If your child has viewed pornography regularly or if they are showing any signs of distress seek professional help from a psychologist.

My child is intentionally looking for or watching pornography

This can come as a shock to parents, however, it is important to remain calm, aim to find out where/how this has been viewed and alert other parents if it has been at a friend's house.

Your child would likely know how to avoid pornography so talk to them about why they have been viewing this, and how it made them feel.

Explain that pornography is not real and that it is not an accurate depiction of sex or relationships, that the people in it are acting. Talk about how they felt when they viewed it, and if they know how it has affected others they know. Establishing trust with your child and talking about consent, violence and intimacy is important at this age, and try to maintain a non-judgemental, yet educational approach.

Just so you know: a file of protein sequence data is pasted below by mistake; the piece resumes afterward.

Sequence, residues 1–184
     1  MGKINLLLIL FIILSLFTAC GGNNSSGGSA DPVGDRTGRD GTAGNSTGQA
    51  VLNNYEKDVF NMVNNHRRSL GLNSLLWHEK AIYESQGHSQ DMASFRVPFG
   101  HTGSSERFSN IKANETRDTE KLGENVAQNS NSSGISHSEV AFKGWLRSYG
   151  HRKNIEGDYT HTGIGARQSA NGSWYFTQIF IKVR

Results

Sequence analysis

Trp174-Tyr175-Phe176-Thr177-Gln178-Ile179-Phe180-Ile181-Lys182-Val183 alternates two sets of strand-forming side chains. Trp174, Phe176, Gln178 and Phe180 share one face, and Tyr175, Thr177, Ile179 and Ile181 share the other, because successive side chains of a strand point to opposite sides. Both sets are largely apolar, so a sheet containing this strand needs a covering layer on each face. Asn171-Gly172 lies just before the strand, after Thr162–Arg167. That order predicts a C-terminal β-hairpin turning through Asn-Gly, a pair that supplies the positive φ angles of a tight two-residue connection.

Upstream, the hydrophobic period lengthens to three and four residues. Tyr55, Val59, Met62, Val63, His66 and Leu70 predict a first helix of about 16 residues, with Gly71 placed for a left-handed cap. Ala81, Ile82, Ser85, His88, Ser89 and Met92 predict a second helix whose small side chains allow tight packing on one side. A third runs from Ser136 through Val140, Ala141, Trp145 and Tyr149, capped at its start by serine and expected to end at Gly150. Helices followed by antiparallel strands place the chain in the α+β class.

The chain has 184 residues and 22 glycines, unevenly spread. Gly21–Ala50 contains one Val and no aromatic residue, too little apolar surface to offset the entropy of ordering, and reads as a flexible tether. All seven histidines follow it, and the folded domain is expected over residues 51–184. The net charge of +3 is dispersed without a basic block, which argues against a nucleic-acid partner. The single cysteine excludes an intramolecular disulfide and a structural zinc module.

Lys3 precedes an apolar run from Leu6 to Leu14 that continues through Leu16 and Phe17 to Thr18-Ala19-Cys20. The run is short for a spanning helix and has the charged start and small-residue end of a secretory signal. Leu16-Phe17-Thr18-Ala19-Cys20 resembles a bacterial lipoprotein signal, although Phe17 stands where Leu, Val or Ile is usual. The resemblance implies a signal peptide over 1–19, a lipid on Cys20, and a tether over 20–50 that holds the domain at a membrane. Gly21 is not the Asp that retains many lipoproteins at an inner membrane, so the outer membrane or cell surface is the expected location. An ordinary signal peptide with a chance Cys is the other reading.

Make sure that your child cannot find any pornography on any devices in your home, delete browsing histories and use privacy settings and parental controls where necessary.

Talk to your child about where they can go for help if they are exhibiting any troubling behaviours.

A stranger on a game or social media has sent my child pornography

At this stage, your teen might be playing games against strangers or interacting with strangers on social media. You need to get more details about what happened and if it has happened before to ensure your teen is not being groomed.

Have a conversation with your teen about the risks strangers could pose and unexpected ways they could be problematic. Don’t blame your child for what has occurred, and praise them for seeking help.

Review your tech rules together as well as family settings and filters, then report and block. Talking in an age-appropriate way in regards to pornography, consent, respect, comfort, body image and safety while remaining calm will help to build trust with your teen.